A new attempt will be made on Saturday. And that is a pity for the Dutch who hoped to see the rocket from their balcony. The plan is that the rocket will go up in the air on Saturday around 9:22 pm, but then it will not be dark enough in the Netherlands.
Tension all night
It was exciting all evening whether the launch would continue. The weather at the launch site had to be good, but the weather had to be good in two possible places for an emergency landing.
In less than half an hour, NASA astronauts Robert Behnken and Douglas Hurley would fly over the ocean tonight from the launch pad in Florida. They would skim over northern France at an altitude of about 200 kilometers. High enough to also observe from the Netherlands, satellite expert Marco Langbroek said earlier today.
Just dark enough
It was expected to be visible at around 10:54 PM. “That’s nice, because then it’s just dark enough that it should be visible. I expect it to be about as bright as the brightest star.”
Unfortunately, the party for the enthusiasts was canceled.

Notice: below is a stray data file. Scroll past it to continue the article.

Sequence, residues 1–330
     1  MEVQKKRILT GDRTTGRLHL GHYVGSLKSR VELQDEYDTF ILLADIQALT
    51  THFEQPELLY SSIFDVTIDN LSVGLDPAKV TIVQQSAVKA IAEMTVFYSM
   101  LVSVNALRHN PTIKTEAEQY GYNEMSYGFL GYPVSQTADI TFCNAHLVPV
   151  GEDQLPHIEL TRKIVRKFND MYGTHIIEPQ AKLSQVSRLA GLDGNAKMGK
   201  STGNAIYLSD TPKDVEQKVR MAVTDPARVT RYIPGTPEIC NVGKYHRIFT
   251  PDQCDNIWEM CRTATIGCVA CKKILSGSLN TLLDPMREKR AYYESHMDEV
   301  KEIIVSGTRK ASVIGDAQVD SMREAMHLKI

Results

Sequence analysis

The rocket may be seen from other countries on Saturday. That’s because the rocket flies so high that it is illuminated by the sun.
You no longer see a clear rocket, rather a bright dot. Or actually two: the Crew Dragon, the capsule where the astronauts are located, was disconnected from the Falcon 9 rocket with which it was launched shortly before the arrival. If you use binoculars, you should be able to see both parts separately. That dot goes rather quickly: with two minutes it disappears behind the horizon.
There is a possibility that a course correction can also be seen on Saturday. That happened earlier with a launch of the freight version of the Crew Dragon, Langbroek says. “With a steering rocket, some gas is then emitted. You see that maneuver as a cloud.”
The arrival just after launch would have been the only chance to see the spaceship from the Netherlands tonight: later orbits are not visible from here.